I haven't been to the playground with my son, Silas, in a long time. Mostly this has been due to two reasons, the first being that it's been cold. I'm not a particularly active parent at the playground. If Silas complains about being cold, I tell him to run around some more, but I am not one of those parents who chases my shrieking child up and down the slides, let alone across the monkey bars.
I'm not actually sure if I could swing across the monkey bars if my life depended on it. Fortunately, I have yet to run across a situation where my life hung in the balance of whether I could swing across cold, metal bars.
Basically, I bring a book (nothing too trashy, because I know I'll be reading in front of other parents), sit on a bench and tell Silas to have a good time. This works well for me in the warmer months, but not so much in the winter.
The other reason we haven't been to the playground in a long time is that Silas hasn't asked me to go. Silas is 8 and is more interested in building dioramas of Star Wars scenes out of Legos and building rock forts at Emigrant Lake. Even when I tell him there's a brand new playground at Garfield Park, and new things to play on at the Lithia Park playground, he just stares at me and asks, for the 10,000th time, if we can go to his grandma and grandpa's house (the majority of his Legos are there).
When I was a kid I remember that my sister and I would go the playground all the time. We played tag, pretended we were zookeepers at an imaginary zoo, did tricks on the swings and begged our dad to push us faster and faster on the merry-go-round. I also remember that my mom wouldn't push us on the merry-go-round; she always said that it made her feel sick. When I was 8 I thought that sounded totally crazy. I understood people being car sick (my sister once famously threw up in my brother's hat on the short car ride out to Emigrant Lake), and I could deduce from that that some people would feel sick on the merry-go-round. In fact, I often felt sick while on the merry-go-round, wasn't that part of the fun? The part I couldn't understand was how someone could possibly feel sick just watching it spinning round and round.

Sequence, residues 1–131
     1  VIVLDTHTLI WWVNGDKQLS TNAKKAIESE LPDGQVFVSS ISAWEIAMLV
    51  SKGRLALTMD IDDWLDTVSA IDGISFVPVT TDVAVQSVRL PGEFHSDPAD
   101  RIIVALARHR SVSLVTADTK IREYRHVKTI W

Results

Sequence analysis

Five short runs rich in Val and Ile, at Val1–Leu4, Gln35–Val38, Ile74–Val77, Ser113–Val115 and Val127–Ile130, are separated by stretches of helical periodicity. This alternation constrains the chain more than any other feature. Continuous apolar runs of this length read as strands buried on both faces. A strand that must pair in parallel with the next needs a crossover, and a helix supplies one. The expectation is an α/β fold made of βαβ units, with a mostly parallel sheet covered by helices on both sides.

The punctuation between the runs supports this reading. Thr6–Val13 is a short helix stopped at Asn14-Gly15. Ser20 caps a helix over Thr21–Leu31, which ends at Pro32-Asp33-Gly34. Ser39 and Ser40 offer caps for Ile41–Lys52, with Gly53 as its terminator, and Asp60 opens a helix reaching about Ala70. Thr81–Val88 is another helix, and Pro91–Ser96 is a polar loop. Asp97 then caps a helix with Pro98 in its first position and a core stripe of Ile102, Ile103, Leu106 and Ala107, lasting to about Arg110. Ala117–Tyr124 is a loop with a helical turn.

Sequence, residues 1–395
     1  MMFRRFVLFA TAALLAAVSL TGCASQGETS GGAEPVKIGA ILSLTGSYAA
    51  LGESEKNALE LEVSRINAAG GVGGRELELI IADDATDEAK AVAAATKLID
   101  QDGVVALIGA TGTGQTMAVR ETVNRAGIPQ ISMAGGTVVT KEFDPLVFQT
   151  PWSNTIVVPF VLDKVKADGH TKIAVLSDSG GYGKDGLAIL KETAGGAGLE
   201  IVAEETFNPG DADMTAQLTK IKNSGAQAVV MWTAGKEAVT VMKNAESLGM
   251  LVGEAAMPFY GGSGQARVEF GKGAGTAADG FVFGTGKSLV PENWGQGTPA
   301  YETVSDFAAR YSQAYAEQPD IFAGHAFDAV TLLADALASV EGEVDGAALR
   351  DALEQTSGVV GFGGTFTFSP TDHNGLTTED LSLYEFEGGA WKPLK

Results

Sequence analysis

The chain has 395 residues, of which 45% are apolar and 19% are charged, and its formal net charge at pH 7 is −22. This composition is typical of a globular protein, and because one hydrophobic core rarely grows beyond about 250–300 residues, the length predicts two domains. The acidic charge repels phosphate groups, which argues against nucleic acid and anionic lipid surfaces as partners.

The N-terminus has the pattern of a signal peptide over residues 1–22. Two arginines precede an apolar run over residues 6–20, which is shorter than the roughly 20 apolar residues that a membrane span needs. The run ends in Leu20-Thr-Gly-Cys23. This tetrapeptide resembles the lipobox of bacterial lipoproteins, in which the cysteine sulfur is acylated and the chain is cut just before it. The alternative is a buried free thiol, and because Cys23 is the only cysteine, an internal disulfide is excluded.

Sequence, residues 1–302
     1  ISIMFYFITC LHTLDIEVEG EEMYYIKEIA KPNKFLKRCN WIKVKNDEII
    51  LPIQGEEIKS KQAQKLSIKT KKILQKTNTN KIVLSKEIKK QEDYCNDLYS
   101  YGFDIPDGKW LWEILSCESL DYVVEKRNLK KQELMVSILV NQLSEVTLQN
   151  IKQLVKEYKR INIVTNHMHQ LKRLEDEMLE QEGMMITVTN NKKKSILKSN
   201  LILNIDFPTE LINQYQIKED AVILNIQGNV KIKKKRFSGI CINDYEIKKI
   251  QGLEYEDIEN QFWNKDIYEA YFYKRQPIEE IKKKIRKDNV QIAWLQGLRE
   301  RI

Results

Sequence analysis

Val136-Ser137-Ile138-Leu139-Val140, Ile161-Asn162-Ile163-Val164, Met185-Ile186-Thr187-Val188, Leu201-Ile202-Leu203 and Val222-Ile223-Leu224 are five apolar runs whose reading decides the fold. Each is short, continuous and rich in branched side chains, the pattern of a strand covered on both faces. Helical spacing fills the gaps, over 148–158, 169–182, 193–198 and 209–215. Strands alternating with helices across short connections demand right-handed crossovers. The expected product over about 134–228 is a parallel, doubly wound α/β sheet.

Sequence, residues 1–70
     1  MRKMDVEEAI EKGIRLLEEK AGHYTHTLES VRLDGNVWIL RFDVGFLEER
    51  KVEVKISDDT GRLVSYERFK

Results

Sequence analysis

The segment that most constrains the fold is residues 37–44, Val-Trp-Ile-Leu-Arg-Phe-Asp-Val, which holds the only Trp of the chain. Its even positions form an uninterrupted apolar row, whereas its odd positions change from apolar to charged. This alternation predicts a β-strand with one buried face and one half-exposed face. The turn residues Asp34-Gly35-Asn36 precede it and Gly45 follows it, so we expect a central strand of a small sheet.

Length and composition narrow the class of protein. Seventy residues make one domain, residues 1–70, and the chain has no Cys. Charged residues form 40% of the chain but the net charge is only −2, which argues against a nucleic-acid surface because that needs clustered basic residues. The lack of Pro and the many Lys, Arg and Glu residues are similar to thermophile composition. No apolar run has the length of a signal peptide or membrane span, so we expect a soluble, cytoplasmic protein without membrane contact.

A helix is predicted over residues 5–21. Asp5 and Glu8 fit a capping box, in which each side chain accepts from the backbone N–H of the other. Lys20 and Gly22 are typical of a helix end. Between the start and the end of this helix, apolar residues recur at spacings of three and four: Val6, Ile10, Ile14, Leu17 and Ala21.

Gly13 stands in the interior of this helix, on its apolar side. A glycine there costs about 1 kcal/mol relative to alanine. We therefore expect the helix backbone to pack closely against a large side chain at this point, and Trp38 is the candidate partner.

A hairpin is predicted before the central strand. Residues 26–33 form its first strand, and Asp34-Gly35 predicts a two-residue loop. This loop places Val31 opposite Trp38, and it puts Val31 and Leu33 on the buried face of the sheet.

Now, as an adult, I totally understand. I can no longer read in the car without feeling queasy (although I have yet to throw up in a hat). Pushing Silas on the merry-go-round makes me feel like I have to go lie down somewhere until the vertigo passes. I even feel the beginnings of motion sickness when I'm on the swings.
I haven't inspected the new playgrounds up close, but I'm worried they are full of things that will not only make me feel sick, but will force me to read my books with my back to the equipment. I can't be on something that spins in circles, nor do I feel like watching it.
I don't know what changes happen between being 8 and being 28. Either there is a profound change in my brain, specifically the nausea centers, or my idea of fun has changed dramatically.
I recently woke up during the night feeling dizzy and sick, the room spinning around me. It wasn't fun, I didn't enjoy it, and I had to call in sick to work.
As kids, my sister and I would spin and spin and spin in the field behind our house until we were so dizzy we'd fall down. Then we'd lie on the grass and watch the sky and trees spin around us as our brains tried to readjust. Sometime in the last 20 years, being dizzy went from something to do for fun to something that is a symptom of illness.
Zoe Abel is off to the park with her son to check out the new equipment, she just won't do it too close to a meal. You can contact her at firstname.lastname@example.org.